Ben Patterson

ArcGIS Dashboards

ArcGIS Dashboards is a visualization tool for GIS (geographic information systems) data.

An example of a dashboard build with ArcGIS Dashboards.


The ArcGIS Dashboards UI had been built using a now outdated version of Esri's design system, Calcite, and needed to be brought up to the latest version. This change would affect nearly the whole authoring UI and afforded the team a chance to rethink known friction points across the app.



I began by auditing the UI in order to map our existing components to Calcite components. In a some places, this turned out to be a one-to-one change.

The series chart config looks more or less the same between the old (left/top) and new (right/bottom) versions.

For areas we know were friction points, I opted for a more thorough redesign.

The old theming config obscured the dashboard and provided a limited color picker. The new theming config lets the user see changes as soon as they are made and provides an improved color picker.

This was a really large project, so after mapping out how the current component would transition to Calcite components, I worked with developers to come up with a phased implementation plan. Each phase was followed with a round of usability testing.

Phase One

The first phase introduced a new top level navigation, improved onboarding, and a new way for users to edit their dashboards called the layout panel. We left all of the configuration menus untouched.

New links and explanitory text to helped users figure out how to get started with a fresh dashboard.
The layout panel, along the left side of the dashboard, lets the author edit their dashboard layout as well as individual elements.

Phase One was positively recieved during our usability testing session. However, we found that some users wanted to close the Layout Panel as they edited their dashboard, but this removed the very important "Add Element" button from the UI.

Phase Two

Phase two brought Calcite to all the configuration menus. Most of them stayed about the same, but we were able to make improvements in select places. We were also able to address concerns about the Layout Panel and "Add Element" button brought up during our phase one usability testing.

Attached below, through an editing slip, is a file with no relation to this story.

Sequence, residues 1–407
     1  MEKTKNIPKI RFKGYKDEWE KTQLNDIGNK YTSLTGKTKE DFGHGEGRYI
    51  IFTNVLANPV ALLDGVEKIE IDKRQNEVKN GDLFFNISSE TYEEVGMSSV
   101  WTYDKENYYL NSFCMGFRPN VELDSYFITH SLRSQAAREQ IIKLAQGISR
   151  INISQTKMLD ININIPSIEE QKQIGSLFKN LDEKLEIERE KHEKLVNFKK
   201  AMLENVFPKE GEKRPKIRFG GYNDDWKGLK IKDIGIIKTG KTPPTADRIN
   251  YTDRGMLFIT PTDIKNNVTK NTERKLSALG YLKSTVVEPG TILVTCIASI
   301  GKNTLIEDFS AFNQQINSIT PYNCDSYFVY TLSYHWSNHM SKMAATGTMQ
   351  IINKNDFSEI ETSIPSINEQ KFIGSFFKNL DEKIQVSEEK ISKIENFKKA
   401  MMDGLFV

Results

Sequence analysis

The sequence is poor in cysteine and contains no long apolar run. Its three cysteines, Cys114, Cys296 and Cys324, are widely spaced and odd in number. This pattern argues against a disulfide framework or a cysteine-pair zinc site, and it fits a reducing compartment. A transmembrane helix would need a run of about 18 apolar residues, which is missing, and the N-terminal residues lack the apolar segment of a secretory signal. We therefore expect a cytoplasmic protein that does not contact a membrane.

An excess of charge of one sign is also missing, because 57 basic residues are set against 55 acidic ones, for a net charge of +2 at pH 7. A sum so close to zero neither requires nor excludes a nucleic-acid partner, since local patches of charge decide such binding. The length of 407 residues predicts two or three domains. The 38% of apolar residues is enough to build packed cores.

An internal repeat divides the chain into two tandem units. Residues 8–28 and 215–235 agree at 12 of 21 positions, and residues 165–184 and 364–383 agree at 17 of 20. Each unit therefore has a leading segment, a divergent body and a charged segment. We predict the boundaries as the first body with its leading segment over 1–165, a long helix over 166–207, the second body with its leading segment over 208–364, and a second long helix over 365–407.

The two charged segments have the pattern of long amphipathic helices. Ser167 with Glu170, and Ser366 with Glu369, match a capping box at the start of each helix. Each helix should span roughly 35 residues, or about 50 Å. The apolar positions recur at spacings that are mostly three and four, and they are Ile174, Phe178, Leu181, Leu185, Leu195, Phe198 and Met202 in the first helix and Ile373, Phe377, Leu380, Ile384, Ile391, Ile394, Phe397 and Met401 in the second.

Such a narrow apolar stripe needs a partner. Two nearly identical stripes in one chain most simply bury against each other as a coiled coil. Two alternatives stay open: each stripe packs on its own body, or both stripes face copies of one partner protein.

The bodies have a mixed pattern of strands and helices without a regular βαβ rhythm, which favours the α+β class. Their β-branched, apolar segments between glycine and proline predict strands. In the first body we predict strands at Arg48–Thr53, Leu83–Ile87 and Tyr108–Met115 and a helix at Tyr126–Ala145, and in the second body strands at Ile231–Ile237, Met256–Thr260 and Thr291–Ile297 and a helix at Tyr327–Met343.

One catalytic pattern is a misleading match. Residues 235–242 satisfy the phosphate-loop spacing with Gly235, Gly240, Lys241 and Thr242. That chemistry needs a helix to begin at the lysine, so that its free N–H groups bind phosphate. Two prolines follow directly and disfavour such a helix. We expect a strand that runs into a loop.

The old actions UI (left) required users to sort though a drop down menu to add targets. The new actions UI (right) simply requires users to toggle targets on and off.
The chart configuration experience was enhanced by making the tabular data visible simultaneously with the chart.
Add-in-place allows users to add new elements to their dashboard even when their Layout Panel is closed.

Our usability testing for Phase Two revealed a few minor nits that we were able to resolve before release. We also found that the add-in-place feature resolved complaints about the "Add Element" button.

Next Steps

A key part of the project was to set the stage for future roadmap items, the largest of which is cross-device dashboards. As part of the design process for this project, I mapped out rough workflows for supporting this feature.


Transitioning to Calcite has been a win for the ArcGIS Dashboards team. The Calcite team provides regular updates and enhancements, freeing up the Dashboards team to focus on Dashboards-specific problems.

Folding in significant user experience enhancements and setting ourselves up for future roadmap items makes this a win for our users as well.

——More work

ArcGIS Dashboards

Authoring Cross-Device Dashboards

Arcade Editor

Data Management

Audience Insight Report